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Biodiesel Offers Clean Fuel Alternative for Diesel Engines

Burning Veggies Reduces Reliance on Foreign Oil Sources


Biodiesel Fuel Pump

Biodiesel infrastructure has been growing, with fuel stations offering biodiesel blends dotting the countryside.

U.S. Dept. of Energy

If corn is king with ethanol enthusiasts, it’s the lowly soybean that most often steals the show in the biodiesel world. But what exactly is biodiesel and how is this alternative fuel being used?

Biodiesel is categorized as a clean-burning alternative fuel and as such, is produced from renewable resources. While it contains no petroleum itself, it can be blended at various levels with conventional diesel fuel, much like ethanol and other types of alternative fuels are blended. A big plus for the use of biodiesel is that it can be used in regular diesel engines without having to go through an engine conversion process or other type of major modification.

Why biodiesel?

The traits that make biodiesel a good choice are much like those of any other alternative fuel: it’s made from a renewable resource, so it’s better for the environment and has lower emissions compared to petroleum-based fuels. And although it may be hard to think of a motor fuel in this way, biodiesel is actually less toxic than simple table salt and it will biodegrade about as fast as sugar. Biodiesel proponents are also quick to point out that biodiesel from domestic resources, such as soybeans, helps to lessen the country’s dependency on foreign oil sources.

Although concerns have been raised over biodiesel engine performance compared with conventional diesel, in fact, biodiesel has a higher cetane number than U.S. diesel fuel. The National Biodiesel Board reports that in more than 50 million miles of in-field demonstrations, B20 (a blend of 20 percent biodiesel) showed similar fuel consumption, horsepower, torque, and haulage rates as conventional diesel fuel. The NBB says biodiesel also has superior lubricity, and it has the highest BTU content of any alternative fuel, falling in the range between #1 and #2 diesel fuel.

Making biodiesel

Transesterification is the somewhat-complicated term for the actual chemical process that leads to the formation of biodiesel. But if you understand the process, you’ll understand where the term comes from. When making biodiesel, glycerin—a liquid byproduct—is separated from the vegetable oil or fat of the source plant. This leaves two products, methyl esters (which is actually the scientific term for biodiesel) and the glycerin itself, which is a valuable byproduct used extensively in other industries to make things like cosmetics, soaps—even animal feeds.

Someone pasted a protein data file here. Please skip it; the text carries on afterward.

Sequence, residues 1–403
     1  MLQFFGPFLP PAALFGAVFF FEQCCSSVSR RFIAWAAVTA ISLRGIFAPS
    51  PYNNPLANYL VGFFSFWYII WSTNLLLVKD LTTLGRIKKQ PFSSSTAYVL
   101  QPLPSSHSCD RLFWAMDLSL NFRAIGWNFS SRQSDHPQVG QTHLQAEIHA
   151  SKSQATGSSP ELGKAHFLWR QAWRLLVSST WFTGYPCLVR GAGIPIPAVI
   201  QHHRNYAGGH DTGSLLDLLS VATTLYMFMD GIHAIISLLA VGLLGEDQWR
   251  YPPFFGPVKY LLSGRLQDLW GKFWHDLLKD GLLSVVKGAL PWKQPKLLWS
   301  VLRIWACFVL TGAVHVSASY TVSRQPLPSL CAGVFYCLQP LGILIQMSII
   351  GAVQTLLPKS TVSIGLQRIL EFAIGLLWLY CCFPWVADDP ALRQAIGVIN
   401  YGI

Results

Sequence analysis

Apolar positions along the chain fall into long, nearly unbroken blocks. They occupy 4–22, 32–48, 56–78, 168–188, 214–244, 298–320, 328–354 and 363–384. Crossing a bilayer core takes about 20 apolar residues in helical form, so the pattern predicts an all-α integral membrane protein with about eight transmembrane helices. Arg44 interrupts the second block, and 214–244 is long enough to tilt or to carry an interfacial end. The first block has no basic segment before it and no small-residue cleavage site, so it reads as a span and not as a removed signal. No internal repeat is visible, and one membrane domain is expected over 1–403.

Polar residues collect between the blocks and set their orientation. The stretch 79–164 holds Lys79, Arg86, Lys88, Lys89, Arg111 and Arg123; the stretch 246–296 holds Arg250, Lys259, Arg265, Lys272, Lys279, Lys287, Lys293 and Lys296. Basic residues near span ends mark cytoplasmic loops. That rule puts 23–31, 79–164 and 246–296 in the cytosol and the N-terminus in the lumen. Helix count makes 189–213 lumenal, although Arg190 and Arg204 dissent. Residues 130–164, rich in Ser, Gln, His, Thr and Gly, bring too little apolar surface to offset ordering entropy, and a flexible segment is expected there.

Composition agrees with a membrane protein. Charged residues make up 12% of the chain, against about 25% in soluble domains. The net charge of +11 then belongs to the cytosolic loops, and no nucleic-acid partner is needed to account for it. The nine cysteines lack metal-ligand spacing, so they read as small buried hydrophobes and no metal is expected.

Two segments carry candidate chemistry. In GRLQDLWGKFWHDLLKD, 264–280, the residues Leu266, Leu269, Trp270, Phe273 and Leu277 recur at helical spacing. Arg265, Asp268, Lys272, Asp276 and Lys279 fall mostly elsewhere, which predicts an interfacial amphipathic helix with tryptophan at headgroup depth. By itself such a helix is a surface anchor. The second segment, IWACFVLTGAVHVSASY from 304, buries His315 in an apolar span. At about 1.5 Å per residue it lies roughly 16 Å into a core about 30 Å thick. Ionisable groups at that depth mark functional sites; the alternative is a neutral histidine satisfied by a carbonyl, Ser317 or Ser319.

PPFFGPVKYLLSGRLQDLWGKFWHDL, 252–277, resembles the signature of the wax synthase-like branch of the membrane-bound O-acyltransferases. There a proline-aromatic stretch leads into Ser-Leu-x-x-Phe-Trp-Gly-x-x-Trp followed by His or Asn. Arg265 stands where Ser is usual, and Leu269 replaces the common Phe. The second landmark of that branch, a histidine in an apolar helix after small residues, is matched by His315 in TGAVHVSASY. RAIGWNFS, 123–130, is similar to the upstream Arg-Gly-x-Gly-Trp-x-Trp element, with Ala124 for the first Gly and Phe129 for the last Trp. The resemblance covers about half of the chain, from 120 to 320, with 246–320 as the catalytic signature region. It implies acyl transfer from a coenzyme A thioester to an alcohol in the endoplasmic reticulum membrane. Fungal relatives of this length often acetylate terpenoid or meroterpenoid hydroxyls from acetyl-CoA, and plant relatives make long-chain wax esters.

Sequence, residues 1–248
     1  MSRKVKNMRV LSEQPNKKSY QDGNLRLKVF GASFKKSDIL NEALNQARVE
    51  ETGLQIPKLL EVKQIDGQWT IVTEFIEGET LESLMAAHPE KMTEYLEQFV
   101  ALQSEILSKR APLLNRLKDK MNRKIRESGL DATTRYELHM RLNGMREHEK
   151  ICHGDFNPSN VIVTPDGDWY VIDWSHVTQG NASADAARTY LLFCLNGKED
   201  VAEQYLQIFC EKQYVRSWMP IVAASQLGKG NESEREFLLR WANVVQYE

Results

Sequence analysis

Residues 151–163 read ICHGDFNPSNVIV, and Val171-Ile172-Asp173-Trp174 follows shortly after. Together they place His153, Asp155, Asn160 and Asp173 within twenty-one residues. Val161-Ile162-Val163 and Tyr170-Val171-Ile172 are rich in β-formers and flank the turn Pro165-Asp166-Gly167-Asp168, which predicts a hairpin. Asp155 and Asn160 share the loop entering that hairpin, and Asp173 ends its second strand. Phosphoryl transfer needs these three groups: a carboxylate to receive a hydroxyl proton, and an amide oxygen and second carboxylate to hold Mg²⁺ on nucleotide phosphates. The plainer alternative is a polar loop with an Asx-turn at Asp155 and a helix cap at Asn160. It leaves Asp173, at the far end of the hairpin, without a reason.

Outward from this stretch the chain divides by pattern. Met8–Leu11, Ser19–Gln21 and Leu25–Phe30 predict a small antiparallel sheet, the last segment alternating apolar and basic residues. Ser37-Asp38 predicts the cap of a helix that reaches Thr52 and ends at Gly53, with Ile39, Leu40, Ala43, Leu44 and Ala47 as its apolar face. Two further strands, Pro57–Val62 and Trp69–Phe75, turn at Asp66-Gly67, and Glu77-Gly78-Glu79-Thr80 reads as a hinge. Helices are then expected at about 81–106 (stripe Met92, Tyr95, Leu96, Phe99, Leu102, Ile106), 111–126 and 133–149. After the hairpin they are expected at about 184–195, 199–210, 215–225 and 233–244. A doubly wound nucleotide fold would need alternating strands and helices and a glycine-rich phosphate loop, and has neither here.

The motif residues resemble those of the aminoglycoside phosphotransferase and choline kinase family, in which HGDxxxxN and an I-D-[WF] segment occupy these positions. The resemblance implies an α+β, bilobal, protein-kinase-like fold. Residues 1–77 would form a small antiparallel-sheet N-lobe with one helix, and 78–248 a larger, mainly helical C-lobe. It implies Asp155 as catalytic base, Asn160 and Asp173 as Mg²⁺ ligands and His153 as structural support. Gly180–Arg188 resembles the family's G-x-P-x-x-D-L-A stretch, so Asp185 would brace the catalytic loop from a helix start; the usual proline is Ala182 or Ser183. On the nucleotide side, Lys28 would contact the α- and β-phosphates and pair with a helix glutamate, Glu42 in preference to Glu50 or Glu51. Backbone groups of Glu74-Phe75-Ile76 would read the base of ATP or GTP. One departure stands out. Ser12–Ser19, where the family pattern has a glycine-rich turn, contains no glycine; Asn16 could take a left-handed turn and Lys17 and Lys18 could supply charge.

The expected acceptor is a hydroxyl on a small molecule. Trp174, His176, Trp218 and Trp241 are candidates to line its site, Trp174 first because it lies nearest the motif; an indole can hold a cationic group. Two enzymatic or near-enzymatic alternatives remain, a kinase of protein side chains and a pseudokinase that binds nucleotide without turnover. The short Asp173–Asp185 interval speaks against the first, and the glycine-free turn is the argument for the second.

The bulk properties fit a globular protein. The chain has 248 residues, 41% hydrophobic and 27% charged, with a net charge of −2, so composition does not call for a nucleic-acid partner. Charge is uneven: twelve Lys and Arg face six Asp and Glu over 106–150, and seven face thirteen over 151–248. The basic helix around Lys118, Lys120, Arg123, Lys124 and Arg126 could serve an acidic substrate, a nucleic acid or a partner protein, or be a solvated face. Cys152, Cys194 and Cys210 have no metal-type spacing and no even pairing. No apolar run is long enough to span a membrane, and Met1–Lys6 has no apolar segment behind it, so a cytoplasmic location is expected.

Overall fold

But if all this talk about using vegetable matter to produce biodiesel has the wheels turning in your head, slow them down—biodiesel is not the same thing as raw vegetable oil. Any biodiesel expert worth his weight in beans will tell you that fuel-grade biodiesel—the kind that will ensure correct engine performance—has to be made according to strict biodiesel industry specifications.

The industry is also proud to call itself the only alternative fuel to have fully completed the health effects testing requirements of the 1990 Clean Air Act Amendments. Biodiesel that meets industry standards can be legally sold and distributed as a motor fuel as long as it is also legally registered with the U.S. Environmental Protection Agency. So, raw vegetable oil—because it can’t meet any of those criteria—is not considered biodiesel.

Because wording and definitions for biodiesel are often used in state and federal statutes now, or by various governmental departments, there is an official definition of biodiesel that meets not only federal and state law requirements, but also Original Equipment Manufacturer, or OEM, guidelines. This definition is:

Biodiesel is defined as mono-alkyl esters of long chain fatty acids derived from vegetable oils or animal fats which conform to ASTM D6751 specifications for use in diesel engines. Biodiesel refers to the pure fuel before blending with diesel fuel. Biodiesel blends are denoted as, "BXX" with "XX" representing the percentage of biodiesel contained in the blend (ie: B20 is 20% biodiesel, 80% petroleum diesel).


So where can you find it? Biodiesel is available across the nation and fleet managers/owners will find it can be purchased directly from biodiesel marketers and producers, as well as from petroleum distributors. You will also find a growing number of public pumps for biodiesel dotted around the country. The newly revamped U.S. Department of Energy website has an area at the top of its homepage that allows you to input your zip code and bring up a map showing alternative fuel pumps of all kinds, including biodiesel blends.

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